Two former Twitter employees have been accused of spying on user accounts on behalf of the Saudi government, according to The Washington Post.
The Ministry of Justice today announced the charge after one of the former employees was allegedly arrested. That suspect, Ahmad Abouammo, was accused of spying on three Twitter accounts for the government, according to Post.
Another former employee was accused of accessing data on more than 6,000 Twitter accounts, including one associated with a confidant of murdered journalist and critic of the Saudi government, Jamal Khashoggi. A third man, who said prosecutors acted as an intermediary between the employees and the Saudi government, was also charged. Those two suspects are still free.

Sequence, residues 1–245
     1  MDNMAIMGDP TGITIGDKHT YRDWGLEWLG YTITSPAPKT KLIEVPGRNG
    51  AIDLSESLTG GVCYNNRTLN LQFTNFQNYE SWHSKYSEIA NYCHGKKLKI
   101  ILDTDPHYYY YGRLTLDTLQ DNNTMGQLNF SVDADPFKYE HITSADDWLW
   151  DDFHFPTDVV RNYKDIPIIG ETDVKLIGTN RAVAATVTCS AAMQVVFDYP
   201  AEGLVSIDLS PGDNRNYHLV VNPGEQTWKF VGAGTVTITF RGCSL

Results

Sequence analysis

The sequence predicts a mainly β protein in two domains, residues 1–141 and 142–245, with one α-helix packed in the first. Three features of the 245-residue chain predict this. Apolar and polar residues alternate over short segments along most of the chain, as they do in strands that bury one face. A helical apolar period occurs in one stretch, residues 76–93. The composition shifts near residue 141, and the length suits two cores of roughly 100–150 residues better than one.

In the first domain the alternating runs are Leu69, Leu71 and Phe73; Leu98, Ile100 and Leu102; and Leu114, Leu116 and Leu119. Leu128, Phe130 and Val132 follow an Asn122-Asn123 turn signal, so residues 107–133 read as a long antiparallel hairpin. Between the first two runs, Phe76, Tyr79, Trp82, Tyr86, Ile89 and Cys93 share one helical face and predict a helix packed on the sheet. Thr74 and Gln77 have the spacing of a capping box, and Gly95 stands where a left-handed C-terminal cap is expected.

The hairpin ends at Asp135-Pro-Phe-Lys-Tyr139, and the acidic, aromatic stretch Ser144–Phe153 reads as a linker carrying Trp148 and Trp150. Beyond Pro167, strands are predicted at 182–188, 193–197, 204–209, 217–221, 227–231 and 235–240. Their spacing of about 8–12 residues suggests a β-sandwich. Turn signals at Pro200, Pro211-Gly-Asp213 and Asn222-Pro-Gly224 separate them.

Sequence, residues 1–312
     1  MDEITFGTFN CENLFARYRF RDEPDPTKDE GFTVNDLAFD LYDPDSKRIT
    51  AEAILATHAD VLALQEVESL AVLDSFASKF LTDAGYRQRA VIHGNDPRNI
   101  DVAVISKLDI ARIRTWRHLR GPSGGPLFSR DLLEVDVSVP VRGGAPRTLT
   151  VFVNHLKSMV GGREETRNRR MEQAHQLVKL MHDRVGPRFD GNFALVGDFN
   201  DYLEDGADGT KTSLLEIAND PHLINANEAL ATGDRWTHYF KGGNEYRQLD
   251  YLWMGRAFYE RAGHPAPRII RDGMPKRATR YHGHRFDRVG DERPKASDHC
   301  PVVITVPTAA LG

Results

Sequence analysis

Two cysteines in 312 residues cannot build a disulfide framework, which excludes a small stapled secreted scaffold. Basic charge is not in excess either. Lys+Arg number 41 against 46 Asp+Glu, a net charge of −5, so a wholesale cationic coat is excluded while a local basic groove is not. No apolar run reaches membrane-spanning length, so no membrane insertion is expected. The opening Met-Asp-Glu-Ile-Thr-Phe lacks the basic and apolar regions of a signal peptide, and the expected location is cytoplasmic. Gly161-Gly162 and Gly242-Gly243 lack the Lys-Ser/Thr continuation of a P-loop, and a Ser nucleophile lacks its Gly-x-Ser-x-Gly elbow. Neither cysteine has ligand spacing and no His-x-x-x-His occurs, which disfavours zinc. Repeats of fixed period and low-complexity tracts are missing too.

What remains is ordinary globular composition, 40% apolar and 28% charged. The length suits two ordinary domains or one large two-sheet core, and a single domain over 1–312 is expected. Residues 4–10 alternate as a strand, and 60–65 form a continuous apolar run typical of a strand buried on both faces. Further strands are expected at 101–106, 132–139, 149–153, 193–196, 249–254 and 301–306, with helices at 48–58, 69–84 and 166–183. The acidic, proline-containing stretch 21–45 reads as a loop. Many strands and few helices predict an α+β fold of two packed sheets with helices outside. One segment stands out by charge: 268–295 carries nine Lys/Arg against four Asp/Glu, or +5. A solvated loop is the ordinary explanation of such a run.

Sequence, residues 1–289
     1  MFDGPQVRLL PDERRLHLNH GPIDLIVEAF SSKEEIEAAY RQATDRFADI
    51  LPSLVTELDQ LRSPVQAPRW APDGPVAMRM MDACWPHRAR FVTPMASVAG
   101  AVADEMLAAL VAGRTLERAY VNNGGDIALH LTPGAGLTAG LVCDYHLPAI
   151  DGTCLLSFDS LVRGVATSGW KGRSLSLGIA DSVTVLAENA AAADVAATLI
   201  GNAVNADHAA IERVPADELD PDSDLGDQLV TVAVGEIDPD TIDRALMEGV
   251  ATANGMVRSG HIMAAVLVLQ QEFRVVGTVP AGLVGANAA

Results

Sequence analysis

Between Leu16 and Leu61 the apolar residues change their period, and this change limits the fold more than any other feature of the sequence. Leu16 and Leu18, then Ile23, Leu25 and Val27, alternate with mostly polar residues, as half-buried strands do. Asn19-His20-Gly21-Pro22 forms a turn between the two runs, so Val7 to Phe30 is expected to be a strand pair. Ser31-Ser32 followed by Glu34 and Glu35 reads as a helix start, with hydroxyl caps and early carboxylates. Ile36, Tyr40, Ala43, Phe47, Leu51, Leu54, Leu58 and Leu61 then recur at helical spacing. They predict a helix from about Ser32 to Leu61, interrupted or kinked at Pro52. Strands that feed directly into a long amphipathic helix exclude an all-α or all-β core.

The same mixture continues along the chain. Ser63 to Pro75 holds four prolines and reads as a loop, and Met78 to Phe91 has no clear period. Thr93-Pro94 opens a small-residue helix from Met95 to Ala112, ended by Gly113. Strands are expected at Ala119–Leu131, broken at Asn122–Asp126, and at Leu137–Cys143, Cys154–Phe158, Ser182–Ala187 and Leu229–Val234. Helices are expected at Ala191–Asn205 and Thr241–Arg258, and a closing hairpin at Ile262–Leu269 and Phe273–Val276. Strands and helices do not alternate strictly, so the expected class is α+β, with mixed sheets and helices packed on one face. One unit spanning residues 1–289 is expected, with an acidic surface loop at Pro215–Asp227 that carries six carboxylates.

According to the Post, prosecutors attached the three men to a charity managed by Crown Prince Mohammed bin Salman, who has been bound by US officials to the murder of Khashoggi and has worked to undermine dissidents in the country. Allegedly, the prosecutors discovered that the former employees had sought information about prominent government critics.
The charges portray a major breach of Silicon Valley security. In a statement, a Twitter spokesperson said the company "limits access to sensitive account information to a limited group of trained and screened employees."
"We understand the incredible risks that many are facing who use Twitter to share their perspectives with the world and keep those in power," the spokesperson said. “We have tools to protect their privacy and their ability to do their essential work. We are committed to protecting those who use our service to advocate for equality, individual freedoms, and human rights. "